Lumping analysis of chemical reaction systems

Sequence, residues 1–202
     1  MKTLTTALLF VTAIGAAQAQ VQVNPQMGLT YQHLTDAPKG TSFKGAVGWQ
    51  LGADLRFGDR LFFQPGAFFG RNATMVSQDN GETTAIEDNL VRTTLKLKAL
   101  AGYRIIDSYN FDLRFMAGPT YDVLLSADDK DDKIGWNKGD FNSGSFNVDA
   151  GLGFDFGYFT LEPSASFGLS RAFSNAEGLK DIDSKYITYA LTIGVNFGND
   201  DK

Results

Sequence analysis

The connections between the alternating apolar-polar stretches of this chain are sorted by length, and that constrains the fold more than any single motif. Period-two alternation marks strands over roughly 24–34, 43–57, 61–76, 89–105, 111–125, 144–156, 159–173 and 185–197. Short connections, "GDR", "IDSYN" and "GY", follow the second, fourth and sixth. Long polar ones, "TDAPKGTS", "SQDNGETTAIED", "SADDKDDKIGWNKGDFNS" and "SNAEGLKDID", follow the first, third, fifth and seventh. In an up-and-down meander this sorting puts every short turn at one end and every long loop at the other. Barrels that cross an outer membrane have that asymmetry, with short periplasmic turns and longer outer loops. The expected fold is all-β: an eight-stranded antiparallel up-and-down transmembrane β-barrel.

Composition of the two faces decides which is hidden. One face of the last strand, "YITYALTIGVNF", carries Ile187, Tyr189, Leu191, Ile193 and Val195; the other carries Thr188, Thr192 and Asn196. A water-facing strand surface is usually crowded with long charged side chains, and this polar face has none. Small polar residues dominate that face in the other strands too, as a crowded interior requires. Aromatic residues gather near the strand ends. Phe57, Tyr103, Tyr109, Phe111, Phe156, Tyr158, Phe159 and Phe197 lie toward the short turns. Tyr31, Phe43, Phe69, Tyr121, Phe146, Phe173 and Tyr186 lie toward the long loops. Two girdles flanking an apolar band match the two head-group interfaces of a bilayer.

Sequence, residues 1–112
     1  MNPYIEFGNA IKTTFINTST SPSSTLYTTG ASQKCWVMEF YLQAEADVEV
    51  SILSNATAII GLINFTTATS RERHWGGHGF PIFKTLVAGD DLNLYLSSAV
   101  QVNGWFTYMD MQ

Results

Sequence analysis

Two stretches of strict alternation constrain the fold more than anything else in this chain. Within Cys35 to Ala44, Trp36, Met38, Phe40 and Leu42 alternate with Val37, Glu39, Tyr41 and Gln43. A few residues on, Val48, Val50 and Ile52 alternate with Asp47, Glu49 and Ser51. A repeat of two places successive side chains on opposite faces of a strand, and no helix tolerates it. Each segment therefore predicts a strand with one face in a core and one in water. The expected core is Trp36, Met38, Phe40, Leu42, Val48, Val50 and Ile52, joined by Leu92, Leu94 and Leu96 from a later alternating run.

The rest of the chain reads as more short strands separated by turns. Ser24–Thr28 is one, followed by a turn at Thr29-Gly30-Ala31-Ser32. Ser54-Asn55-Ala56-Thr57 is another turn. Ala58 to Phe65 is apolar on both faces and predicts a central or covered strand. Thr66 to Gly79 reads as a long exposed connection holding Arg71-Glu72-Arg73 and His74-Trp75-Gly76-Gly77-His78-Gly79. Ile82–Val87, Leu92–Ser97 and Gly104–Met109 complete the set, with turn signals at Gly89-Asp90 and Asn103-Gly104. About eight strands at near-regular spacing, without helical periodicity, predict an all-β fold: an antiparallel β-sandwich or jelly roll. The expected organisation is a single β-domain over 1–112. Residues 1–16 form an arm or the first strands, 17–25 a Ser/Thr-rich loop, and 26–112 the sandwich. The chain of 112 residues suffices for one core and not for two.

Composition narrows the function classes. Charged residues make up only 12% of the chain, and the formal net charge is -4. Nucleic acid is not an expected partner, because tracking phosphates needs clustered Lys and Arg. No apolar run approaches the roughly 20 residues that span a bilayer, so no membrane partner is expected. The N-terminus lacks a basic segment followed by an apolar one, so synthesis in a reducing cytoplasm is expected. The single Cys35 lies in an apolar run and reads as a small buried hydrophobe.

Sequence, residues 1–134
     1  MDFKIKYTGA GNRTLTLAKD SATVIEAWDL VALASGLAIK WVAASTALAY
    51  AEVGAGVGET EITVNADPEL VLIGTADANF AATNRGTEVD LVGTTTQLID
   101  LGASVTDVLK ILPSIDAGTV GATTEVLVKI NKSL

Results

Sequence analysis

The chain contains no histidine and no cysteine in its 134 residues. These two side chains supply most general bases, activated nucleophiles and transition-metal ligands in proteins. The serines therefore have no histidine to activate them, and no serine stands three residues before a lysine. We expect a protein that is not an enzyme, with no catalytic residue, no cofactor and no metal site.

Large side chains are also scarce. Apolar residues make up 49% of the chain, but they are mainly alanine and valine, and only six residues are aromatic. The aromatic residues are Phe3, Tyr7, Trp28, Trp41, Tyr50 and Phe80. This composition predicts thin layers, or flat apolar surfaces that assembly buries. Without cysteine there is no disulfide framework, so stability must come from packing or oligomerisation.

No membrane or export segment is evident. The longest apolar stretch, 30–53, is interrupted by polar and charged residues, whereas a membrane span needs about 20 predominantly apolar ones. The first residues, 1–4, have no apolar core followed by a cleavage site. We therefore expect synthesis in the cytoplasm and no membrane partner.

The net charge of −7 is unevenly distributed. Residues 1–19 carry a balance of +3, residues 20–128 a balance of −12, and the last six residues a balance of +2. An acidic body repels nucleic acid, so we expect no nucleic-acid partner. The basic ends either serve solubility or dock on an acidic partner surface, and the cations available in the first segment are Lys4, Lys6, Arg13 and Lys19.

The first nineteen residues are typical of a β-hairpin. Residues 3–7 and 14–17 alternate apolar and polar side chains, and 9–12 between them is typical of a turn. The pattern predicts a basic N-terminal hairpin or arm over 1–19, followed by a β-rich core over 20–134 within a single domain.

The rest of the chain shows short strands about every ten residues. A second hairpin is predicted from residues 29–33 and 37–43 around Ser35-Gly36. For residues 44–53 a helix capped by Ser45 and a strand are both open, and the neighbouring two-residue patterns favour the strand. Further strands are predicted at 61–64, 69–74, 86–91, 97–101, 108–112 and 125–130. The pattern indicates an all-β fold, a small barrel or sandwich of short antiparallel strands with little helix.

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Kinetic modeling of complex reaction networks involving a large number of species usually requires lumping several of the species into a smaller number of reactive groups. The complexity of a model is governed not only by mathematical considerations but much more by accessibility of experimental information and the objectives of the model. This work investigates the effect of temperature on the reaction rate of grouped species which are consumed by parallel nth order irreversible reactions. It is shown that when the activation energies of the individual reactions is about equal, the temperature effect can be described by an Arrhenius expression. However, when the activation energies of the various reactions are widely spread, the Arrhenius dependence may not be adequate unless one assumes that the activation energy of the lump may be temperature and conversion dependent. Under these conditions, the Arrhenius temperature dependence is, at best, a rough approximation and it is very important to define exactly the experimental method of determining the activation energy. Widely different activation energies for the pseudocomponent may be obtained from different experimental techniques which yield the same value for a single reactant. Next, the exact and approximate lumping of many parallel first order competing reactions has been analyzed. The applicability of empirical rate expressions to describe the behavior of lumped concentrations is examined. Exact lumping requires complete specifications of reacting species and rate constants. When this information is not available, bounds on the lumped concentration may be derived using limited experimental information. The bounds enable to determine the quality of lumping and guide the manner in which species should be grouped together. The bounds can also test the lumping in recycle reactors. A more general approach to lumping has been shown to be based on the constancy of lump selectivity. This work also analyzes the lumping of consecutive reaction networks. Once again, the applicability of empirical rate expressions to determine lumped concentrations has been examined. Bounds for the various lumped concentrations have been developed which in turn provide criteria regarding how various species ought to be grouped in a lump. This method has been applied to determine the adequacy of lumping in the case of chlorination of n-decane. Finally, the lumping of the above two reaction networks in a continuous flow stirred tank reactor is examined. The lumpability conditions are shown to be exactly the same as those obtained when reactions are carried out in batch reactors.